Mike Quigley. Given that the author regards this parson as an extremely talented person and Tony Abbott's government should do what it can to keep him, i find it extremely disconcerting that he also says he has made a complete mess of the broadband roll out. What kind of message does this behaviour send to the electorate when someone who stuffs up is handed another very highly paid position to have another go. Most people in this situation would be given the boot. Still the political classes propensity to look after their mates still seems to be more important than good government. No wonder we all have a very low opinion of these people!!

A big fan of throwing babies away with bathwater, then?

Quigley may well be excessively competent in general whilst being completely incompetent at running a huge telecommunications construction company. Removing him from his position of incompetence doesn't mean he can't be of use in another role more suited to whatever his talents.

I don't know why you blame Mike Quigley for not selling the project to the public better. I have the feeling he wasn't allowed. Hopefully the knowledge will be made public soon. As for being behind schedule, take out the time negotiating with Telstra and the oppositions attempts to stall, and it actually is not that far off it's original timetable. If you want to see a project really behind gave a look at BT's rollout in the UK.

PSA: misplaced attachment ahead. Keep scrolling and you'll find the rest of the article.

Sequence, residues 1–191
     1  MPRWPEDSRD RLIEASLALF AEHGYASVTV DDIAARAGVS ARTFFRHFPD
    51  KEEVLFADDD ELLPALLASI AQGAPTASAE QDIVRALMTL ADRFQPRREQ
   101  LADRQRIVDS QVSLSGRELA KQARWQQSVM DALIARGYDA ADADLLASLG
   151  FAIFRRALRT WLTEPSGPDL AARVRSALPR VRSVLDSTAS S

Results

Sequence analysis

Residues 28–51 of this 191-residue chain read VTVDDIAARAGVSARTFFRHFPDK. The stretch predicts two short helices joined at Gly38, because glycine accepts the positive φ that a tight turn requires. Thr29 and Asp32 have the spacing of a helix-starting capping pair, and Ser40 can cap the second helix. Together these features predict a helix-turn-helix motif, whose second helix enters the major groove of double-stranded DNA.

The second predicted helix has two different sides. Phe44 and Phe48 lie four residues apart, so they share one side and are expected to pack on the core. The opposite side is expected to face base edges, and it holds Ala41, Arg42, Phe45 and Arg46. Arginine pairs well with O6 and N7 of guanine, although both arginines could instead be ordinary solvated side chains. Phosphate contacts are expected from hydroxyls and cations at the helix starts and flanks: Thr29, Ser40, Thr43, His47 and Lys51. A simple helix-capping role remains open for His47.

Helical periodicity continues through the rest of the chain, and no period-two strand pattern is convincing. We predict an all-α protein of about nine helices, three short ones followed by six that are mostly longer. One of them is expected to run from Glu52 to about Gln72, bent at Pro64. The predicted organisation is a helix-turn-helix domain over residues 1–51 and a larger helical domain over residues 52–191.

So again the Rolls-Royce solution of Labor is being touted as utterly necessary, and the Holden Statesman solution of the Libs is inferior. Well, yes, but who really needs the RR solution? What statistics are available on the number of households that will definitely benefit economically from the RR solution? Of course everyone loves the best, but do they need it. I would suggest that the "inferior" version of NBN will deliver to the vast majority of householders a totally adequate service to satisfy their need for social networking and entertainment. The rest of the connectees (the existing businesses, the new enabled start-ups and entrepreneurs, the 'economic' beneficiaries) can pay the extra necessary for their special needs. This can be written off as a business expense, or even subsidised by the Government under the heading of R&D encouragement. Any business that is viable can afford $5,000 as a communication expense, if that is going to make them more profitable. If it is not going to make them profitable, then it would just be a bad business decision. After all, the telephone became an essential requirement for businesses, big and small, and that had to be paid for. Why is connecting to the NBN now considered to be some sort of Human Right that should be provided at taxpayers' expense by a benevolent government?

An inept comparison. FttH is not a Rolls Royce solution compared to the Holden Statesman FttN - it's between 1 and 40 (with the potential to acquire more) Holden Statesmen compared to between 2 and 4 (hard maximum) Holden Statesmen.

Choosing the latter option for your limo company when you plan to expand to hundreds or thousands of clients is just shooting your future in the foot, to extend the metaphor.

Did Roy support what he think he just said? A company that wants fibre, while taxpayers are to get copper, should be able to spend $5,000 to get fibre, then claim it as a tax deduction?